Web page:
On the surface Gravity Rush looks like a title the Vita desperately needs: It is a creative, original IP, set in a fantastic world with a unique movement mechanic. On a system commonly seen to be lacking in original titles, Gravity Rush could be the title Vita owners have been waiting for.
The core of Gravity Rush is its inventive movement system. Our protagonist – Kat – gains the ability to alter gravity, effectively giving her the ability to shift gravity and propel herself in a chosen direction. This mechanic is handled with the right shoulder button: you tap it once to re-set gravity, and then once again to have Kat hurled in your chosen direction. Direction can be handled either by tilt controls, or the right analogue stick. While this might not sound that exciting in theory, in practice it is exhilarating. There are few games that are able to produce such feelings of joy as you get in Gravity Rush when hurling yourself around the city.
The controls falter a bit when it comes to combat. At its heart, combat consists of swiping the screen to dodge and firing yourself at certain points on enemies. When this works, it feels very smooth, and there are also a number of upgrades to make it more interesting along the way. The problem is that at many points of the game, hard to hit parts of monsters allow it to cross the line towards obtuse, rather than difficult. This meant that frustration marred too many parts of the game, and this subtracts from what is otherwise an excellent control scheme.
The city itself is beautifully designed, carrying the game’s unique art style. The city is designed to be heavily layered, so that moving through it renders it just as memorable whether you’re travelling up and down or across it. Few gaming experiences match hurling yourself from one end of the city to another, or dropping from a great height down to the lower end of the city. This unique art style carries on throughout the game, resulting in a game that looks gorgeous, even if it is slightly let down by a bit of ugly aliasing.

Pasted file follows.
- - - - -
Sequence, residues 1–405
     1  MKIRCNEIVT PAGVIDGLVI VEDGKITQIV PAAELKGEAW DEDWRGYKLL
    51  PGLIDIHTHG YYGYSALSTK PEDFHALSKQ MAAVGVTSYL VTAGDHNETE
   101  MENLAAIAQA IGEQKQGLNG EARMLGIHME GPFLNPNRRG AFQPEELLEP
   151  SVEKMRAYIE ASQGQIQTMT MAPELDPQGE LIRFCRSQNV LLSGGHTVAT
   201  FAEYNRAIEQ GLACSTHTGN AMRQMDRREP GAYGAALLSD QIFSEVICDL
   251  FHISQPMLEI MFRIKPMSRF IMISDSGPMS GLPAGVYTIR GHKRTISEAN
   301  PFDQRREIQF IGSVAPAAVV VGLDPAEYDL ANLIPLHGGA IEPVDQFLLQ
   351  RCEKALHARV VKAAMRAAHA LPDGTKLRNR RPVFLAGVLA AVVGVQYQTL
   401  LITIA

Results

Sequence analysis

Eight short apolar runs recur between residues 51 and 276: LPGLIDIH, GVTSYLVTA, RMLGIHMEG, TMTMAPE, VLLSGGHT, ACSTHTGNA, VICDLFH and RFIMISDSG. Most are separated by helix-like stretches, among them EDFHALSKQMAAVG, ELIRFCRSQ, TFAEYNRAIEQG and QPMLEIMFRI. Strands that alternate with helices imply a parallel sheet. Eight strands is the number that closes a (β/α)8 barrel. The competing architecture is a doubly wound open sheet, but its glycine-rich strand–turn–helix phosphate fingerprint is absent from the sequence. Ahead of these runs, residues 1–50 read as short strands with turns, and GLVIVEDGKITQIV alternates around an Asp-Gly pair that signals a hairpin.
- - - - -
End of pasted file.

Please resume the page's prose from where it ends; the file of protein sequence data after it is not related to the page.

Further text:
The storyline is whimsical and easy to follow, and our protagonist is a likeable character. The story falls flat at the end, and Kat’s more ‘romantic ‘ moments are a little cheesy, but overall the story is a reasonably positive factor in the game’s favour. The presentation of the story is also fantastic. Cut-scenes blend into comic book panels, which provide a fast, interactive way to pick up the plot. These seamlessly give way into gameplay and it never feels like you have to separate yourself from the action for too long.
In addition to the main story quests that litter the game, there are also a number of challenge missions and other incentives to explore in the city. I never found that I strayed for too long from the main story missions, but these provide more than enough entertainment for the money. These will also be supplemented by additional DLC, so those who aren’t excited by the challenges can expect more original content.
Gravity Rush is an exciting, original game, but falls just short of being the excellent title Vita owners have been waiting for. It is worth buying it simply for the gorgeous visuals and inventive controls, even if its not perfect.
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